Greenmarket Zucchini Pickles
The brine for these pickles will put you in touch with your roots. Lauren Rothman/JW
active: 15 min
total: Over Night
We’re nearly at the peak of summer, and for gardeners everywhere that means one thing: armfuls, overflowing buckets, even wheelbarrows full of zucchini and summer squash. Born of highly productive plants, these fruits range in shape and color from the recognizable slender, dark green variety to a host of yellow and pale green patty pan types. They’re a blessing and a curse for farmers, and by extension, home cooks. It’s a wonderful thing to reap such a full harvest, but, on the other hand, everybody else has to figure out how to use up all that zucchini before it goes bad.
For those of that like to do our shopping at the greenmarket, or who receive a weekly CSA share, our refrigerators are more than likely to be play host to quite a few types of squash over the coming weeks. Luckily, they’re an infinitely versatile ingredient: when small, they’re lovely shaved thin and tossed into a delicate salad; simmered with onions and garlic and then pureed with cool yogurt, they make an excellent chilled soup; and they stand up well to the heat of the summer grill. But for cooks who are tired of figuring out new ways to cook zucchini, I’d like to offer a novel suggestion: Don’t cook them. Pickle them.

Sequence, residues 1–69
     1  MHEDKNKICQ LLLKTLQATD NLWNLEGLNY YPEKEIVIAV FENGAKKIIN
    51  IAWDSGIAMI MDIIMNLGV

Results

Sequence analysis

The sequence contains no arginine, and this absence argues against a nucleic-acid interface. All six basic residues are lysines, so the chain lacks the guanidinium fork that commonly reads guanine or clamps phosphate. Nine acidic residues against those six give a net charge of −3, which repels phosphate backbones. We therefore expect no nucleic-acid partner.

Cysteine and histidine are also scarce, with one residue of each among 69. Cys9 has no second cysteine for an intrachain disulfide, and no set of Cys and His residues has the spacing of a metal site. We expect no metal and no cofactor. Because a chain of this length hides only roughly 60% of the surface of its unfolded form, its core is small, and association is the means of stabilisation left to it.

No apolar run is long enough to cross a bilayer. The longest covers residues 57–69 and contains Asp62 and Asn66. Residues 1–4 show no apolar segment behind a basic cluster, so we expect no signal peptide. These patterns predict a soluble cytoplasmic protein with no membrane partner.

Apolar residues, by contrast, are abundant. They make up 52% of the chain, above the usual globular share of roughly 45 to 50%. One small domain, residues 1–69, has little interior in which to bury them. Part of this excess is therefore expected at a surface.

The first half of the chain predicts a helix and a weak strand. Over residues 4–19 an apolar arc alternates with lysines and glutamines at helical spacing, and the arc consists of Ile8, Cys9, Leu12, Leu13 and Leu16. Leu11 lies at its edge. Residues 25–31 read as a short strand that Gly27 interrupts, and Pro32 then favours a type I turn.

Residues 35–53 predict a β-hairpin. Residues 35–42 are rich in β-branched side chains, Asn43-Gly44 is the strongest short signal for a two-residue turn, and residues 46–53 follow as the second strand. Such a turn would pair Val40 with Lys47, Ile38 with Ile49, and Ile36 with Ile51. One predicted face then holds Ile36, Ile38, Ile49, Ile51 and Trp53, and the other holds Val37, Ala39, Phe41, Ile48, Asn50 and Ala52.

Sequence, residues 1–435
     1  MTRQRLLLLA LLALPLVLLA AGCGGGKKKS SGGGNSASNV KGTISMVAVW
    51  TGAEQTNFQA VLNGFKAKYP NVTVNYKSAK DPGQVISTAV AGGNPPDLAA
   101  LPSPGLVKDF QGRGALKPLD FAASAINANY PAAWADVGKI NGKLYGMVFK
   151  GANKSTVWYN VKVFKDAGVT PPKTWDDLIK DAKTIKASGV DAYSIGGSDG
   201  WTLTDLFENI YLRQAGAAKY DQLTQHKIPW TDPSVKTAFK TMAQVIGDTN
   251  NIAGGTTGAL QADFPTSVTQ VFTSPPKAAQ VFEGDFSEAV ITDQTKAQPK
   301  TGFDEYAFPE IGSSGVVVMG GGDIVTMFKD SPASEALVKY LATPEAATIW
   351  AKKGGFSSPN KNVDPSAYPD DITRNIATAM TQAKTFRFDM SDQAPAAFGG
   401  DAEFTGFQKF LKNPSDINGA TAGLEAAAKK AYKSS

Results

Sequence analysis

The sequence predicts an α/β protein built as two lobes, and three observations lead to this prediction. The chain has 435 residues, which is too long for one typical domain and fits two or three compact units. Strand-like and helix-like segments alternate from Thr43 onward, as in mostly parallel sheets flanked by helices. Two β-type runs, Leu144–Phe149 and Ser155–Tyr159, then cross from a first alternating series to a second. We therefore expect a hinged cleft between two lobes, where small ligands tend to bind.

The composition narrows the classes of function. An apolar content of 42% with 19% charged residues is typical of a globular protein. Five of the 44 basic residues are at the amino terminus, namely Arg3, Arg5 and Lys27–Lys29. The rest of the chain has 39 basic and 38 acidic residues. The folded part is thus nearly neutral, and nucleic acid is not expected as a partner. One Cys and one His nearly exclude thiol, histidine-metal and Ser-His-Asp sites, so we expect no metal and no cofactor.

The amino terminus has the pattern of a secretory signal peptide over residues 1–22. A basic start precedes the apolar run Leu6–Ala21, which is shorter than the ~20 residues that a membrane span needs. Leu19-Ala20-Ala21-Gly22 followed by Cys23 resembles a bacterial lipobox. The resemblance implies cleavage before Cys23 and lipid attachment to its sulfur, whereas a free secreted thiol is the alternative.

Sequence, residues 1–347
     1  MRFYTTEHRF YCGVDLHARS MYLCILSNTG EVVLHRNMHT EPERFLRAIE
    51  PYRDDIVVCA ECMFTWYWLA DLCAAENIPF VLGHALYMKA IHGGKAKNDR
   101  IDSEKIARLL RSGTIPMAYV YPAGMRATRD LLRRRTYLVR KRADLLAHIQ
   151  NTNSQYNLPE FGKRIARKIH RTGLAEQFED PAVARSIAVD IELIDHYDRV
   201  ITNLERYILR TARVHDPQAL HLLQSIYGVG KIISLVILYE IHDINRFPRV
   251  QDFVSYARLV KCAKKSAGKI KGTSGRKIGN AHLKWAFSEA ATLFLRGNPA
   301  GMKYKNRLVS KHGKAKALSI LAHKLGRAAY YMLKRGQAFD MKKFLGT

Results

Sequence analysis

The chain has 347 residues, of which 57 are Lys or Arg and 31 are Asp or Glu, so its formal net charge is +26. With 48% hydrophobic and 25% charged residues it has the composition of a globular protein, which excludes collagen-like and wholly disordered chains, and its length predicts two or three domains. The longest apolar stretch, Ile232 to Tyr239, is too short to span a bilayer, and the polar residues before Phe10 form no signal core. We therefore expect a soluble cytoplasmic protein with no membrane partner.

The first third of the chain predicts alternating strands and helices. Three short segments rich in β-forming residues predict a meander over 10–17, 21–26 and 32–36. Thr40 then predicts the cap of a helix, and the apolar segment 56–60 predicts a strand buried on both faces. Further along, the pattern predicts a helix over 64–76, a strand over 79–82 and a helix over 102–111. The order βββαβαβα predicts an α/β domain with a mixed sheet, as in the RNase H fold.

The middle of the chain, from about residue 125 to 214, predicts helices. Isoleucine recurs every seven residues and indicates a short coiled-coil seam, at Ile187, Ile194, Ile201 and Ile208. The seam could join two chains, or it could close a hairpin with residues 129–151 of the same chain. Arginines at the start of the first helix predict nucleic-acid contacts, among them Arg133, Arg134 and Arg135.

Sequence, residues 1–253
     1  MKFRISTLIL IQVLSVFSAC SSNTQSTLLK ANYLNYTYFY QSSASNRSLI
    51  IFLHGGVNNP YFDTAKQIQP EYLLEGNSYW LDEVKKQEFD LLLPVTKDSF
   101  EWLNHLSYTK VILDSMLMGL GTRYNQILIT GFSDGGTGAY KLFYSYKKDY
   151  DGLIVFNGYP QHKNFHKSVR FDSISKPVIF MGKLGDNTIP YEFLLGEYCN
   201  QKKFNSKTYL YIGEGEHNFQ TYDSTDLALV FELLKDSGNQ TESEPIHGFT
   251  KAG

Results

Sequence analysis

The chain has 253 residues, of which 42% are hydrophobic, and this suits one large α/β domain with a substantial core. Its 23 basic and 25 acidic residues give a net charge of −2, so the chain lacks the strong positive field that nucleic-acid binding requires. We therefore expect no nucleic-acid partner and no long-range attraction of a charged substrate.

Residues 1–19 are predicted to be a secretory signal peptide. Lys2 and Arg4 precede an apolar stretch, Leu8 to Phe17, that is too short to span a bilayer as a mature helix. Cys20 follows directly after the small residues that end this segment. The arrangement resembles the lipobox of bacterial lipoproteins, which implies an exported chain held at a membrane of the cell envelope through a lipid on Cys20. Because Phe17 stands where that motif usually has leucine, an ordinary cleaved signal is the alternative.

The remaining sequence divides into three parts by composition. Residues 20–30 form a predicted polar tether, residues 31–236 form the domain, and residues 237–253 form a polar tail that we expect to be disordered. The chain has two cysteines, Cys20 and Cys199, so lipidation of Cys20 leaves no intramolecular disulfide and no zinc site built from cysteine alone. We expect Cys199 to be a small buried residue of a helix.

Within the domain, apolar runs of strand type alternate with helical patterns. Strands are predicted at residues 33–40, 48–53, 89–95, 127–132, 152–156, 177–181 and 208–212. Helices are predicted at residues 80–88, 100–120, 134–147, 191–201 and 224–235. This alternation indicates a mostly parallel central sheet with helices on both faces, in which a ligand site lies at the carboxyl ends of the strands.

Jews and pickles go together like pastrami and rye: I’m willing to bet quite a few of you have jars in your refrigerator right now. Most of us tend to buy our pickles, but the good news I’d like to relay is that it’s shockingly easy — plus cost-effective and fun — to make them at home. And while cucumber pickles are definitely the most well known and widely available, you can pickle most any fruit or vegetable, and zucchini pickles make an unusual and refreshing summertime complement to all manner of picnics and outdoor meals. Best of all, they’re ready in just a couple of days.
The recipe I’m sharing here relies on a saltwater, not a vinegar-based, brine. We Jews know saltwater pickles well: that’s how our beloved sours and half-sours are made. Historically speaking, vinegar pickles are a relatively recent invention, while salt pickling dates back to the beginning of recorded history (and likely before). It’s the most age-old method of keeping food fresh, predating, obviously, canning, refrigeration and freezing, and is certainly the method our ancestors used to create their dill pickles.
The use of zucchini, rather than cukes, gives this recipe for dill half- or full-sours — your choice, depending on how long the pickles ferment. Those options are a modern update, as is the use of mild green garlic, also omnipresent in greenmarkets right now. But if you can’t find it, can you can sub in traditional garlic. And the method couldn’t be simpler: cut zucchini, layer into a glass jar with flavorings, pour the brine over and let it sit. In two to four days, you’ll have delicious homemade pickles you’ll want to eat alongside a cold sandwich and some salty chips all summer long. Happily, this recipe is easily doubled or tripled. And don’t worry if your pickle brine turns cloudy, with gray particles floating around in it. This is a natural result of lactic acid fermentation.